De Penha believes that he is pointing out a major flaw in the discourse of intellectuals, who as per him, privilege the ‘lettered’, ‘Rational’ (with a capital R) enlightenment discourse over other modes of protest and interrogation.

These points, as far as I am concerned, appear to be (largely) trivially true, but where they are substantive, they are false and dangerous.

That is, it is undoubtedly true that there are many different modes and styles of interrogation of established authority and social structures. It is also undoubtedly true that different such modes have been used through the ages, in different societies, to highlight the need for social change.

However, De Penha (and many others today) seem to think that all such different modes of protest can be usefully bunched together on one plane. The idea that different types of questioning can be analyzed and graded for effectiveness is disclaimed.

The intentions of questioners, whatever these might be and howsoever they might be determined, are applauded. But their methods are not subjected to sufficient critical scrutiny, barring a consequentialist analysis in terms of “success”.

It is my submission that a ‘Rational’ critique is more substantive, powerful and effective, than other modes of critique. I doubt Romila Thapar, or other intellectuals, would deny that mystics and poets have usefully critiqued social ills. However, by definition, a rational critique offers up three features that may be missing in other critiques –

– a framework for analysis: on what grounds, precisely, is a present system being challenged? This requires an idea of what is desirable, and why that is so.

– a replicable, universalizable, systematic approach: based upon the framework of analysis, actions can be subjected to critical scrutiny irrespective of the contingent factors (of time and space and personality)  that surround them. This is in contrast to all protest and questioning getting restricted to the local and the temporally instant.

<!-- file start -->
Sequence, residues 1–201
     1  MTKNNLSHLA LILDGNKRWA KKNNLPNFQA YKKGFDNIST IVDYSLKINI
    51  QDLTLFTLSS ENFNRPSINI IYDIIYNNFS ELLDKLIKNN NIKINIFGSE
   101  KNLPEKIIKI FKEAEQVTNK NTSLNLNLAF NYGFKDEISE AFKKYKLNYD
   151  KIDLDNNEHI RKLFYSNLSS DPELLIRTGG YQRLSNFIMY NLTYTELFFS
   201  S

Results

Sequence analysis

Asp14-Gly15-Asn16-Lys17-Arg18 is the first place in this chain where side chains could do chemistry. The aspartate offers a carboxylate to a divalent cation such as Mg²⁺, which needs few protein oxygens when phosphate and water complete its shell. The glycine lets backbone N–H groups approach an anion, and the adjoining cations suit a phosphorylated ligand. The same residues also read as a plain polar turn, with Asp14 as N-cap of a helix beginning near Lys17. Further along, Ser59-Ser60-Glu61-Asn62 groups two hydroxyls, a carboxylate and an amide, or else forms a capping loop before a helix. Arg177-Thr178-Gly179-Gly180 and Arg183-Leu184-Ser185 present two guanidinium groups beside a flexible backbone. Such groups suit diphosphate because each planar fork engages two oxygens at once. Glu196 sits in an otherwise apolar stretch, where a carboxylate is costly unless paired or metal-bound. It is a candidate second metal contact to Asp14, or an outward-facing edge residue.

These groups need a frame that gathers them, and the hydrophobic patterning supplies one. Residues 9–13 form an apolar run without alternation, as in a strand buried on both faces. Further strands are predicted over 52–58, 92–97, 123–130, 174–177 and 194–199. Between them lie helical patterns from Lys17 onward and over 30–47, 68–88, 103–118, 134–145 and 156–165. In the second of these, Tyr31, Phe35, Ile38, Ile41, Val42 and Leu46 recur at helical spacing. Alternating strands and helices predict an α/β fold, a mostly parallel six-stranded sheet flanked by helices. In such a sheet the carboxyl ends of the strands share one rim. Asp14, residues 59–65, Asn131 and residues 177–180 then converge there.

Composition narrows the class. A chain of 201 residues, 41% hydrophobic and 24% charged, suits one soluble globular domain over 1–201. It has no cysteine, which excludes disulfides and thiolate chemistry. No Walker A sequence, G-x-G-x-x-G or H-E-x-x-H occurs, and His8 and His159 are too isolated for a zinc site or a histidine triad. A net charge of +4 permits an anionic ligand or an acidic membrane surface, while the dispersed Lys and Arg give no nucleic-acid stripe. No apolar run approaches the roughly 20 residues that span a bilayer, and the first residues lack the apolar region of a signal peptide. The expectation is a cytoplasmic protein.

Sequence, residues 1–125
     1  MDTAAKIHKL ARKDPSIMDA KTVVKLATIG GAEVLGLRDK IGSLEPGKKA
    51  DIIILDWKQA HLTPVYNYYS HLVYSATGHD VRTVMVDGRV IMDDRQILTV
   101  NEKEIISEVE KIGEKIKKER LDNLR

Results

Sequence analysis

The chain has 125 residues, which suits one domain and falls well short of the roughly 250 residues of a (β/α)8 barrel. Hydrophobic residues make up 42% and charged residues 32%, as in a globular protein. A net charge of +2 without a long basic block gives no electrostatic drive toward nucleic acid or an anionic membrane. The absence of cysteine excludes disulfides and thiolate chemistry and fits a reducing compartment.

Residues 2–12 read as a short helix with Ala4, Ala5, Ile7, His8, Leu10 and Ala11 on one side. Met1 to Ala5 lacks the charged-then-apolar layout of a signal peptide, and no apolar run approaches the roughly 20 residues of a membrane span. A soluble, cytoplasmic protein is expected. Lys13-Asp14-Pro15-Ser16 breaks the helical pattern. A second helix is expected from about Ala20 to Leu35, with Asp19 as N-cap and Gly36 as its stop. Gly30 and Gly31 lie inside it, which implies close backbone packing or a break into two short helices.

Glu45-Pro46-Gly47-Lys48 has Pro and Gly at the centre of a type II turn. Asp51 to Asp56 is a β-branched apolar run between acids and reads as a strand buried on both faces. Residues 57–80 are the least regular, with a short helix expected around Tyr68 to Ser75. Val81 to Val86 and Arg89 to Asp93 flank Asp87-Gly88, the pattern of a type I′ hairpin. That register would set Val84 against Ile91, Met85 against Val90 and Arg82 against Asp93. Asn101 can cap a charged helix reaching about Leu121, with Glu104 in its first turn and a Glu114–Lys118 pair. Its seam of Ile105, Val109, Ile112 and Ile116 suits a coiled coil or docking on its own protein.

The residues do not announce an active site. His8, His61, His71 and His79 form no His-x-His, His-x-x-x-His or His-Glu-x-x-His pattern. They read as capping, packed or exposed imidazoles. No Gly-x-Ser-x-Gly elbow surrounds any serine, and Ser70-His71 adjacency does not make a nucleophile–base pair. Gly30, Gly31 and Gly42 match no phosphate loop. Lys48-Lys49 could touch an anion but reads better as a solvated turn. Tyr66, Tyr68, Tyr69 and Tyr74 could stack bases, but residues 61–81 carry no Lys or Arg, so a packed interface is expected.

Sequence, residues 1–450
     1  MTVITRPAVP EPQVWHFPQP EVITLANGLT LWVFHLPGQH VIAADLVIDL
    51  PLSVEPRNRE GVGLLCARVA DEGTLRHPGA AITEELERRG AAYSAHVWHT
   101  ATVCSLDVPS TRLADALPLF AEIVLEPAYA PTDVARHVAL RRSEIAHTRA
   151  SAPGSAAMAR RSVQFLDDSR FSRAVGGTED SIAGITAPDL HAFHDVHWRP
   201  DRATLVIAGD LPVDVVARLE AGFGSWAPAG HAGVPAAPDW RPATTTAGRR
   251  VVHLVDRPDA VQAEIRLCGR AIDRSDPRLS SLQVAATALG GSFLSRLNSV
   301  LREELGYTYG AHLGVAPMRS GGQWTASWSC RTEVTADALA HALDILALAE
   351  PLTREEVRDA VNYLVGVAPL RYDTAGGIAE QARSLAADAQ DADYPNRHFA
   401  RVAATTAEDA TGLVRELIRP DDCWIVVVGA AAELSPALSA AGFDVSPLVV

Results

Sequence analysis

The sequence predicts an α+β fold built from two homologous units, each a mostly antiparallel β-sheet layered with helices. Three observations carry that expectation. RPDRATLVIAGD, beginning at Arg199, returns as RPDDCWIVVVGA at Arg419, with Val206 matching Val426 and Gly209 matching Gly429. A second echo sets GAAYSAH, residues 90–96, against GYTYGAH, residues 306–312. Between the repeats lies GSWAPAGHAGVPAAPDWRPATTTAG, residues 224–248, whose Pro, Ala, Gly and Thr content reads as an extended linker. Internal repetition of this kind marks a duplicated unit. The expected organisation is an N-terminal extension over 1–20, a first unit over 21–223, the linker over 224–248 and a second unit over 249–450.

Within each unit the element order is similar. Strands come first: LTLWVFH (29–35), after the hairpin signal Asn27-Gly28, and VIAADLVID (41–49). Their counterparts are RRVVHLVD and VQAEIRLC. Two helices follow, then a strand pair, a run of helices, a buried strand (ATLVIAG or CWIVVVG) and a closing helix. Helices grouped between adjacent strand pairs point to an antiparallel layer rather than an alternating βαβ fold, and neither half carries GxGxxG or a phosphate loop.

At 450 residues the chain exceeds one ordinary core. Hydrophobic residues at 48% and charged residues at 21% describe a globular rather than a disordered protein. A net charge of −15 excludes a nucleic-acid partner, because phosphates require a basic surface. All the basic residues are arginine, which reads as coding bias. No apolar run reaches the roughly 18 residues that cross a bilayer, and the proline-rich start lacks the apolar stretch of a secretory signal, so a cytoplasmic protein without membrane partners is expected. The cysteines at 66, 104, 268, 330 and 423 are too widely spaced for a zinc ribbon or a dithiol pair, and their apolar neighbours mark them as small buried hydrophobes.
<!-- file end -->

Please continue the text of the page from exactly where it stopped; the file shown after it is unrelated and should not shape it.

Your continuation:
– an alternative: a rational critique, being framework based, requires and facilitates the articulation of alternative systems and in this sense, gives a path of progress, a sense of purpose to those who want change.

Some further points:

I see no reason why such a rational approach as outlined above needs to be particularly identified with the European Enlightenment or with European or Western or modern discourse as such. There are very important and particular things about the Enlightenment and modern scientific rationality, such as individualism and the idea of disenchantment, but analytic discourse per se is not a monopoly of the European Enlightenment.

It has often happened that the critical ideas brought out poetically by mystics such as Sarmad, who De Penha refers to, are taken up later by systematic philosophers and theorists. When this happens, the ideas of poets and mystics and other ‘alternative’ styles of protest are invested with the features I have outlined above and thus acquire greater potentiality. That is to be lauded, but we may miss out on such things if we, knowingly or unknowingly, insist that all criticality is on the same plane.


PS. I am indebted to Aaditya Dar (@AadityaDar) for bringing Da Penha’s tweets to my attention.

A word of thanks

by Ritwik on February 23, 2014

Thank you all for making our public meeting on ‘Justice, Human Rights and Media Trials’ organized under the banner of the Campaign for Khurshid Anwar a big success with your enthusiastic and active participation in large numbers. The large Press Club of India lawns were full, with many extra chairs added and several people standing at the back.  Special thanks to Saeed Naqvi, Seema Mustafa, Anusha Rizvi, Poornima Joshi, Sheeba Aslam Fehmi, Suman Keshari and Apoorvanand for speaking at the event and to Manisha Sethi for moderating the discussion.